CBT is more widely available than interpersonal therapy, which focuses on a person's relationships. It can sometimes be hard to find therapists who use either of these techniques in the way that the studies found effective.

"There are two clear indicators that someone is practicing CBT," Gorenstein says. "The first is that they are focused on the present and finding thinking and behavioral strategies for coping. What they won't be concerned with is identifying the cause. If someone is focusing on what led you to be this way as opposed to how you can change, that's an indication that you are not getting CBT." Second, CBT doesn't spotlight your relationship with the therapist, Gorenstein notes.

Beyond technique, numerous studies have found that what matters most to recovery is whether the patient feels connected to the therapist.

"The research is pretty strong that about five times as much therapeutic value comes from the quality of the relationship than from any evidence-based practice," says Eric Goplerud, a professor of health policy at George Washington University. "It's important to look for evidence-based practices, but if you don't feel like this is a person you can work with, you ought not go there."

Feeling Good Again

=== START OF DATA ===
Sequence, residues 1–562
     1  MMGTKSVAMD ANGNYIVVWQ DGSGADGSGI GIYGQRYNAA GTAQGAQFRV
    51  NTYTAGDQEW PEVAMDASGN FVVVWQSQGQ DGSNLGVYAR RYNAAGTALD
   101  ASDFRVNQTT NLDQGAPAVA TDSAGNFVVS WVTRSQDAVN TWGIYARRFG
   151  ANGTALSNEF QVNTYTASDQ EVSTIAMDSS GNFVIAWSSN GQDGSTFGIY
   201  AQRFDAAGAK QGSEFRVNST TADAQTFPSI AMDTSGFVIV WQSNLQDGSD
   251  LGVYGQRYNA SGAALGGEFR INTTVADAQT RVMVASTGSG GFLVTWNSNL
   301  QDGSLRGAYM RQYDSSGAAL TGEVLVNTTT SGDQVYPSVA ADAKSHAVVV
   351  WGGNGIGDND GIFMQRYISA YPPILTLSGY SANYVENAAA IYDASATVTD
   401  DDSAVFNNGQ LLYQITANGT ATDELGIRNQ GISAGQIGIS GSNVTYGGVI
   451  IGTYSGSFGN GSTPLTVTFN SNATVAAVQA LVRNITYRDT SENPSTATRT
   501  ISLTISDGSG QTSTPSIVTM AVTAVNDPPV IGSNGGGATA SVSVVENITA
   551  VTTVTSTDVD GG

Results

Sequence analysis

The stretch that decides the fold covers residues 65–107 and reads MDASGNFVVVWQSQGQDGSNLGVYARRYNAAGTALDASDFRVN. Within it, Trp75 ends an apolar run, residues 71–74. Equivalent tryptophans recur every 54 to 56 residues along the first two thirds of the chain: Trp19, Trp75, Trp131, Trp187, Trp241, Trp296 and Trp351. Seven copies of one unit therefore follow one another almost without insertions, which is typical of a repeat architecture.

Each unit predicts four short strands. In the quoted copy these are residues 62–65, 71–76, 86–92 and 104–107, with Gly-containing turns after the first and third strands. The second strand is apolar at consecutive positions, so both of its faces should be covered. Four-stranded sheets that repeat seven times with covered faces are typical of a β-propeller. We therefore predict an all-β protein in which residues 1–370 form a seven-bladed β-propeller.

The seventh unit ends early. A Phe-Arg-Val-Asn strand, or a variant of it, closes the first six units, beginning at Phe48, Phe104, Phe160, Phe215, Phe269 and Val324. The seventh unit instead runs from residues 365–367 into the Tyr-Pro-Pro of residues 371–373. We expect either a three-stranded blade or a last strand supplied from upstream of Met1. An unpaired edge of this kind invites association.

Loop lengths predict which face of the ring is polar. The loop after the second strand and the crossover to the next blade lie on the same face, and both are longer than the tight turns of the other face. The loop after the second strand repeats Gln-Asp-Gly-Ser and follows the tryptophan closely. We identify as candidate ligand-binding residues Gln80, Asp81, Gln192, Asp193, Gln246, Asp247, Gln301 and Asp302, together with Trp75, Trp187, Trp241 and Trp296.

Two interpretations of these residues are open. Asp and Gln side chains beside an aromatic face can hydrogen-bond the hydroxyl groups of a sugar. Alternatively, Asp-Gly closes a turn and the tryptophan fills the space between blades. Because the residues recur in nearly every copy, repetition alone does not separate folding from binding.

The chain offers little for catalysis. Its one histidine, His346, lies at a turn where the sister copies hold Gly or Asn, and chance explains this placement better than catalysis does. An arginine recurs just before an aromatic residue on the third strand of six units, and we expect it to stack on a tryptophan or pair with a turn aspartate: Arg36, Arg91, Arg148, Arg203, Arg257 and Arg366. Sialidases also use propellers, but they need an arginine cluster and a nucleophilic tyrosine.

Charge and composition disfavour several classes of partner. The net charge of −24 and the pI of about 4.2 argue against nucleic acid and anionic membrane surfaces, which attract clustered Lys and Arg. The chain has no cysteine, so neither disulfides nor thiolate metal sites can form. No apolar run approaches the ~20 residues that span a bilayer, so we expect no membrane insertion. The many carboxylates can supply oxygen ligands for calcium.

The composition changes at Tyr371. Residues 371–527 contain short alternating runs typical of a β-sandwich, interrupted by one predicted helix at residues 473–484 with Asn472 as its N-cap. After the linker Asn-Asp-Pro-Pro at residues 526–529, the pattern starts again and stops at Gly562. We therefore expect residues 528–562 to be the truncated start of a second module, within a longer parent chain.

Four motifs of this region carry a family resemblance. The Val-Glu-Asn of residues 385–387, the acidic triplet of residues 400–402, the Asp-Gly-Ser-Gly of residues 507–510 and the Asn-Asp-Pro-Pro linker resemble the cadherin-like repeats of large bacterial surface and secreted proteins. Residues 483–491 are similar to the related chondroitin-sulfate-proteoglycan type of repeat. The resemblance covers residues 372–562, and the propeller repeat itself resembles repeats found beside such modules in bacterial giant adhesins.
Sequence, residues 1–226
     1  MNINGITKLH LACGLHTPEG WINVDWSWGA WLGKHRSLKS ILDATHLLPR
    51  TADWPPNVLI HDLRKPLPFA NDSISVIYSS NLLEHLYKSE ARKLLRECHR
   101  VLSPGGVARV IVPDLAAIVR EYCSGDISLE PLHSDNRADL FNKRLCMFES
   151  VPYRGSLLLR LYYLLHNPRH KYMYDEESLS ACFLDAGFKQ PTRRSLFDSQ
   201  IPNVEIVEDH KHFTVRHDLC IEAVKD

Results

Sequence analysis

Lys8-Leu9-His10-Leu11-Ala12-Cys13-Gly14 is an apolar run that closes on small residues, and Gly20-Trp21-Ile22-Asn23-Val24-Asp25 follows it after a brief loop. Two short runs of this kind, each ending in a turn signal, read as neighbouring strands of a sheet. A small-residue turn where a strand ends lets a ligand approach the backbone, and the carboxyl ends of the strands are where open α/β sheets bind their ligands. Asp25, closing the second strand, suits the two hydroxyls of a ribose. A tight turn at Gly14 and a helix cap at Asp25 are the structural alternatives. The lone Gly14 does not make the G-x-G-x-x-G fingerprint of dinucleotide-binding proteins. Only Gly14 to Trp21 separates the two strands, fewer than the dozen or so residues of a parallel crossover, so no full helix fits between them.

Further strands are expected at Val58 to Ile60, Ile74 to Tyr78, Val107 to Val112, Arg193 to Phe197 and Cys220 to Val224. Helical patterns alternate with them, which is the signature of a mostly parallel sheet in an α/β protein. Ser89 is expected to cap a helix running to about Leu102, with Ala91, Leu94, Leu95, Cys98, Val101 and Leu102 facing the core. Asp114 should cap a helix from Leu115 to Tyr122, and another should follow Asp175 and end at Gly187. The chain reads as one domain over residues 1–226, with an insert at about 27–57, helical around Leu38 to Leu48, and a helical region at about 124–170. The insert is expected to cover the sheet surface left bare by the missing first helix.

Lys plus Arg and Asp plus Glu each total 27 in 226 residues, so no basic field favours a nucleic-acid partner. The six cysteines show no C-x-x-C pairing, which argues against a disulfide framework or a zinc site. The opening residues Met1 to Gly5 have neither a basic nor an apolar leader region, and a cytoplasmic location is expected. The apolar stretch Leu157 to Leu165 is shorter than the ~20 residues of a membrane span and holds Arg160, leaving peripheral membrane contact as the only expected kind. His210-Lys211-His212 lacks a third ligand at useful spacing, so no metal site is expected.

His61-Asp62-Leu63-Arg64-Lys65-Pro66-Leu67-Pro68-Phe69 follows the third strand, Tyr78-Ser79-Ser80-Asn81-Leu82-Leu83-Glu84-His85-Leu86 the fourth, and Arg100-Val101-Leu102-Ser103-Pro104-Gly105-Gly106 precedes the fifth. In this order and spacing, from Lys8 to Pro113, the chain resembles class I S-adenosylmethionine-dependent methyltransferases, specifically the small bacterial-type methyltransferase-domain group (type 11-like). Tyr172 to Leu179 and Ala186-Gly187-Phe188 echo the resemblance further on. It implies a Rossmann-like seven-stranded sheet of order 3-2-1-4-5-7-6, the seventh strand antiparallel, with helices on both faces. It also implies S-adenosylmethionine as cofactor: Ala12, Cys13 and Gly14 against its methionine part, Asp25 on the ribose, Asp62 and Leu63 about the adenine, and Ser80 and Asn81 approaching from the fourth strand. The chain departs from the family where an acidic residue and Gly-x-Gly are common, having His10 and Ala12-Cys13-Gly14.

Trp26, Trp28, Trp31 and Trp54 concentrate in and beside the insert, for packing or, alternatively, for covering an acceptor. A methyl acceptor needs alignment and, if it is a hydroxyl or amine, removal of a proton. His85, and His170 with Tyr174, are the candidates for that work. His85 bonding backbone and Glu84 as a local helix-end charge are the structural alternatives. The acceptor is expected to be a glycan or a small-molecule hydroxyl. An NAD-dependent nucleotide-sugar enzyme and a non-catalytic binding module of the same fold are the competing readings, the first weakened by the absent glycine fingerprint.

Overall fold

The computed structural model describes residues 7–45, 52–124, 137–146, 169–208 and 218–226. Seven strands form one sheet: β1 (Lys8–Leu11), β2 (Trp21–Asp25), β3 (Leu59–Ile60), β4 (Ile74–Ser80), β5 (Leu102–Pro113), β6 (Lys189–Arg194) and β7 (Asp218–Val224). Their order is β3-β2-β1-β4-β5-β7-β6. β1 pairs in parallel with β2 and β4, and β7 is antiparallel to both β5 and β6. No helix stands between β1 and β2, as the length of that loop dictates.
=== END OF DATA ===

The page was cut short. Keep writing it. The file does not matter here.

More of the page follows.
"You aren't aiming for being less miserable. It's about being comfortable about being able to experience the good and the bad of life," Goplerud says.

As for Patrice and Gaia, both sought and received effective treatment. Patrice responded to a radio commercial seeking subjects for a clinical trial of antidepressants. She took antidepressants for about six months.

"Now I have joy," she says. "It's not forced, it's not faked. I'm in a fantastic mood every day, I'm off meds. I'm so grateful I that I took that step and I would do it again in a heartbeat, but I don't think I would wait as long and get to depth I was in before."

Gaia, too, stopped the medication after a few years of using both therapy and an antidepressant. "I can still dip down," she says, "But I can get out of it myself a lot quicker and I don't just stay there." "Don't be ashamed to get help or feel bad," she says, "Own it and do it."

Source: Duke University